Professional cycling is a peculiar sport. And sport in general is a peculiar job. Our careers off the bike peak when we’re middle aged, when we’ve had enough time to think about who we want to be and how we want to engage with the world. Often cycling careers peak in a rider’s early twenties, and sadly many often end before 30. Trying to decide who you want to be, when the only thing you wanted to be has been taken away from you can be hard.
For Ryan Eastman, retiring from professional cycling wasn’t a choice. Indeed, his career went from its highest point to its finish with a skid, a squeal of brakes, and a thump. The years, and weeks leading up to this event had been nothing but promising for the talented young rider from California. He began racing at 14 and, like so many of us, “really took to it and became obsessed”. Soon, he joined the Team Swift junior team and was scouted for a USA Cycling Talent ID camp, and within a short period he found himself at the Junior World Championships.
Eastman then raced for various versions of the Trek-Livestrong team run by Axel Merckx. “I spent four years there, my under-23 years, I loved it and I had great success. All my hard work, everything I had sacrificed, it all led to a stagiaire ride with Trek Factory Racing.”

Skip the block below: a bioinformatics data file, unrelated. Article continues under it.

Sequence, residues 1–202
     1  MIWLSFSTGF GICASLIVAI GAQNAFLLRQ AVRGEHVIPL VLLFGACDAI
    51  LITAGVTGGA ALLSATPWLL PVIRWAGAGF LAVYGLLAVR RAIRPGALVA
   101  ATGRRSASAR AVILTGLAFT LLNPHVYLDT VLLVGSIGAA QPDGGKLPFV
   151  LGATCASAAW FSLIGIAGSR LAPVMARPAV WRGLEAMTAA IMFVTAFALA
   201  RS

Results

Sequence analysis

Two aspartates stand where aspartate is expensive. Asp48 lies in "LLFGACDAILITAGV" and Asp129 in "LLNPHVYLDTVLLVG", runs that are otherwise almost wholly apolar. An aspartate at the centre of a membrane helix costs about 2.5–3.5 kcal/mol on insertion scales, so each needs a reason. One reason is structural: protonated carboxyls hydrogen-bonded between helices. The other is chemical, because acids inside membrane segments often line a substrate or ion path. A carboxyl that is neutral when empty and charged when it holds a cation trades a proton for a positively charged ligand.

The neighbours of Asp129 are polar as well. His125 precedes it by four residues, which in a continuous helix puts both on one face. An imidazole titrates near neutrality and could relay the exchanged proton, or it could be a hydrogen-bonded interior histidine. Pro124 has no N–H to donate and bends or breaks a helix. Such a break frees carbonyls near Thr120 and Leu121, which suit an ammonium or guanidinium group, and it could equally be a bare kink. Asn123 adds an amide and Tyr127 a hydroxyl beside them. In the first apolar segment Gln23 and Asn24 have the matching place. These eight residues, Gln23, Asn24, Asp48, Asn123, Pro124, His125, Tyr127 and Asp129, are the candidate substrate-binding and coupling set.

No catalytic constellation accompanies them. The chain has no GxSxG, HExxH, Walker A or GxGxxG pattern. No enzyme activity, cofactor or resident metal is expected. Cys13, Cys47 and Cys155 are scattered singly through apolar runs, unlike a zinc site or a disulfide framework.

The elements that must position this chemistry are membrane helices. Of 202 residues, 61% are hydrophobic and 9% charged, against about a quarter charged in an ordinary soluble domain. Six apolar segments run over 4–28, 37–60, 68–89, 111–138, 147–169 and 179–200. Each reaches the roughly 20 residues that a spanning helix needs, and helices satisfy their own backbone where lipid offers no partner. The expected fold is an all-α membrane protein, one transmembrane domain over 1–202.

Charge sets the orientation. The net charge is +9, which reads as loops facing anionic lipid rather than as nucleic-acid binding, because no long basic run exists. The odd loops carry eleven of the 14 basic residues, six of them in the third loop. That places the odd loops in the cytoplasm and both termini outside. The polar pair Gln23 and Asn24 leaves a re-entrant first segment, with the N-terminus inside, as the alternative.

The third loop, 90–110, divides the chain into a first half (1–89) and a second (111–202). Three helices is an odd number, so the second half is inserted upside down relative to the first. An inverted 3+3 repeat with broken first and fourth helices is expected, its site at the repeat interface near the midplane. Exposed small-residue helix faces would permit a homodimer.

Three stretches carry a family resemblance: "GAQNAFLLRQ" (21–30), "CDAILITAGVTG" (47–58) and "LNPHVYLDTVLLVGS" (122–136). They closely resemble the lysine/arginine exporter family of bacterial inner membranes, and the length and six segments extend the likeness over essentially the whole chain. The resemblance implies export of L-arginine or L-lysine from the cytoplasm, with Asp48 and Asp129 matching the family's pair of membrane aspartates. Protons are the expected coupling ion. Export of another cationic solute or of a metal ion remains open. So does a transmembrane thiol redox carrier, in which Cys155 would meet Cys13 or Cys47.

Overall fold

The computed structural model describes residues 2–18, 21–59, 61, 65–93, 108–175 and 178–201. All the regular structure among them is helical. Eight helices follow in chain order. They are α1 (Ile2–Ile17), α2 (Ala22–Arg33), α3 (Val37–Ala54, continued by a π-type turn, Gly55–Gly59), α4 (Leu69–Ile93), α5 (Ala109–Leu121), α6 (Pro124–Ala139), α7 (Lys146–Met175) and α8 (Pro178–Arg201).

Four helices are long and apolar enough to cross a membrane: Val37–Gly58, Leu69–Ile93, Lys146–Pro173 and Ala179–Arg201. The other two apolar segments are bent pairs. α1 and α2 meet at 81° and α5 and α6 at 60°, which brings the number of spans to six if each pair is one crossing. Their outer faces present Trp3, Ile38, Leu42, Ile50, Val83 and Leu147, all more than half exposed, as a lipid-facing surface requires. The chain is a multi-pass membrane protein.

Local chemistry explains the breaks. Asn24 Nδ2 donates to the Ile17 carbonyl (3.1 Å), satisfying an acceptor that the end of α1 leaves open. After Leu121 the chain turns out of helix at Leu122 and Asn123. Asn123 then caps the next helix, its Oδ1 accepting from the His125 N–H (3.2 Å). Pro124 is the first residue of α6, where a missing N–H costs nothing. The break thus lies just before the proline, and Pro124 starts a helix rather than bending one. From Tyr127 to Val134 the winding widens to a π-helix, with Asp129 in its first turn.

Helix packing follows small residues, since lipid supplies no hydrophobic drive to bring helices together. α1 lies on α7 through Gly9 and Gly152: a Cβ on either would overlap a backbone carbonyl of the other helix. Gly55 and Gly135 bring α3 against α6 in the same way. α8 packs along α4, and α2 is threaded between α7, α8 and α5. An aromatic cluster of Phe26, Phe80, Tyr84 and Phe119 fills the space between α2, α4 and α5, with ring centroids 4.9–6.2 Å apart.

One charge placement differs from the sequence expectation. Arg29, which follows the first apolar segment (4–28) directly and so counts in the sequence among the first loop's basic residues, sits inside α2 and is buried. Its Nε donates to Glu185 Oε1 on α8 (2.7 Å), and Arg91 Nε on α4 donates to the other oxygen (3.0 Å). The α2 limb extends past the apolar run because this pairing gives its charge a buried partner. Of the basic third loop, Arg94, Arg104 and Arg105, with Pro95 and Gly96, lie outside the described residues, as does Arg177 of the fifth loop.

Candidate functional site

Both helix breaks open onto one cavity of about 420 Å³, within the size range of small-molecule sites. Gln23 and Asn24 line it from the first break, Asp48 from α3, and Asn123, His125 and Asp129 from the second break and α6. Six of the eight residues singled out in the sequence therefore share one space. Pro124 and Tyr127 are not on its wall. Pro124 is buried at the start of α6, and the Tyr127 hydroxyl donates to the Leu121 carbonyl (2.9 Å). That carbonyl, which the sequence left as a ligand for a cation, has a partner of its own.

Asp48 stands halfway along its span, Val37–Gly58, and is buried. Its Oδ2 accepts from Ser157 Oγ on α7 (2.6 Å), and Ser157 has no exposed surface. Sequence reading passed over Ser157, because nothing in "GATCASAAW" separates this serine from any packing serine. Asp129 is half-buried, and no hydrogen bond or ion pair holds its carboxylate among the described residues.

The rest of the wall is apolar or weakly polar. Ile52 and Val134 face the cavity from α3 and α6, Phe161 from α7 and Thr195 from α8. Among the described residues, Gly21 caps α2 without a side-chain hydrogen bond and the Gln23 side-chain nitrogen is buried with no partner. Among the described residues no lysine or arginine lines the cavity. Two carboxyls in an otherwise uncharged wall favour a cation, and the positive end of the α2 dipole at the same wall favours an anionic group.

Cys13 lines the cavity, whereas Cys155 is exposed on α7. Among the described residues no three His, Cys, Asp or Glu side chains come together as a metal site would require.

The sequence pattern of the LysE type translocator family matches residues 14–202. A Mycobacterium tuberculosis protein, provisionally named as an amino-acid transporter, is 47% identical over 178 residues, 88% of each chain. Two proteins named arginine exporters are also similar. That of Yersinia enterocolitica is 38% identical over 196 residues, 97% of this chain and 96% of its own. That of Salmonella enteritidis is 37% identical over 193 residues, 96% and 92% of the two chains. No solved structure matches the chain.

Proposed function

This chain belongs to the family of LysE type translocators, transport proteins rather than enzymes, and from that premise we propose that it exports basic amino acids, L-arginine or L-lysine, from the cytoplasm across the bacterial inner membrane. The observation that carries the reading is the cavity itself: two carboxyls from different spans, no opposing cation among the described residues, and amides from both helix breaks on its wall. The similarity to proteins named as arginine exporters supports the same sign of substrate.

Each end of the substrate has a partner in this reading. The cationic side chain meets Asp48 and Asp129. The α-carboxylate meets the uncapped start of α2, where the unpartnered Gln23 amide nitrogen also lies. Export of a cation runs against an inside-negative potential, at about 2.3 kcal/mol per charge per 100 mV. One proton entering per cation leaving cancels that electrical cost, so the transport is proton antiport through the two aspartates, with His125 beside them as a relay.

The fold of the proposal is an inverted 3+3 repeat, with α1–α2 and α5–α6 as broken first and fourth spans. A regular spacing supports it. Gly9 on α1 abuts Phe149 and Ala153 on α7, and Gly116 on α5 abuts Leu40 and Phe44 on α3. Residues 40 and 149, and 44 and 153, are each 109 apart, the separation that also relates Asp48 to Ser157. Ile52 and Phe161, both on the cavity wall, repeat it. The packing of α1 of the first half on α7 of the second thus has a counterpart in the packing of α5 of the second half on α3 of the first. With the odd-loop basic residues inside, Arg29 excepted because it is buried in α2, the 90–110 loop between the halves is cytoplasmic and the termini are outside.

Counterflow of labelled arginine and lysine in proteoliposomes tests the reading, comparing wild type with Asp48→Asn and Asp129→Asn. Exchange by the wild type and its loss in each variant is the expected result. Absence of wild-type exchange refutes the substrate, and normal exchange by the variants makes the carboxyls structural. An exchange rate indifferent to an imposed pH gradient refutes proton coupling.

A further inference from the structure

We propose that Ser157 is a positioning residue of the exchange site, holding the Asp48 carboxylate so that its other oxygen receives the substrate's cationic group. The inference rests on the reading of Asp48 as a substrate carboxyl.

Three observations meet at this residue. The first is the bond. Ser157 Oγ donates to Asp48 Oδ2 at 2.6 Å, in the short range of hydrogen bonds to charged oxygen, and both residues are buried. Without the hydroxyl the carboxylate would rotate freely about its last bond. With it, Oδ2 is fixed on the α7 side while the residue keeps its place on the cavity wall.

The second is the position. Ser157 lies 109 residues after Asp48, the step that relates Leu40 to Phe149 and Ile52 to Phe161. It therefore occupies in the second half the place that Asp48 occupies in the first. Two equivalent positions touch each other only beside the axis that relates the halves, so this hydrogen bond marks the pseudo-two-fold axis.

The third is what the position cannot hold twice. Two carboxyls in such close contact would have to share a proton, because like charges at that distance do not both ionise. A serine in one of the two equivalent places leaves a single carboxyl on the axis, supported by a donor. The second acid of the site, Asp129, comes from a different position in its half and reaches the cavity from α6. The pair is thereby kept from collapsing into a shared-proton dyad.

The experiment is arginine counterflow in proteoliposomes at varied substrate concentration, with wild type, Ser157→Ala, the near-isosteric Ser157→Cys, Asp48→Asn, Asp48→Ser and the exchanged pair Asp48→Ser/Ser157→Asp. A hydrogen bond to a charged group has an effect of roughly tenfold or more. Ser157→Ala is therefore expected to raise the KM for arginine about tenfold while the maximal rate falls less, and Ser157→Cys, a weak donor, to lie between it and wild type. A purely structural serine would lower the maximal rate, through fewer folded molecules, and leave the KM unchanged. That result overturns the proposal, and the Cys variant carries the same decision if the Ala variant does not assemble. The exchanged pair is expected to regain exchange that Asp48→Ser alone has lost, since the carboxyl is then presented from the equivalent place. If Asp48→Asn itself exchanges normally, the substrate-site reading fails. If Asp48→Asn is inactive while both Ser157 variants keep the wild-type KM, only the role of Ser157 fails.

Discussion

For a young cyclist whose talent and hard work had conditioned him to expect success in the sport, it was the logical next step. “My first race with them was Tour of Utah in 2014. I still have memories of how I just felt so right, I was so happy. It was not like I had totally made it, because that’s the very beginning. But I was so happy to even have the opportunity to be there.”
With more opportunities upcoming, Eastman went home and began doing what we would all do when faced with such a chance to excel – training like a maniac. “I was out on a six-hour ride and I was descending, 55 mph or so the Garmin tells me. A deer came out through a corner and I hit it. I kind of catapulted across the road, the bike flew over the guardrail and I landed in front it. I ended up breaking my back and my collarbone. That kind of ended it all with Trek.” Just like that. The dream was over.
“It [the crash] put me in a weird mental space and kind of ended everything with bike racing for me. A lot of people make it out to be an easier process than it is. The transition period between stopping something that you have basically committed your entire life to and changing completely takes a long time. It took me a couple of weeks to decide that I did not want to continue racing. The opportunity with Trek was gone, and I was too old for Axel’s team. There were other opportunities on the table, but I wanted the top level and I took some time to reassess what was going on. I decided I wanted to do something different with my life.”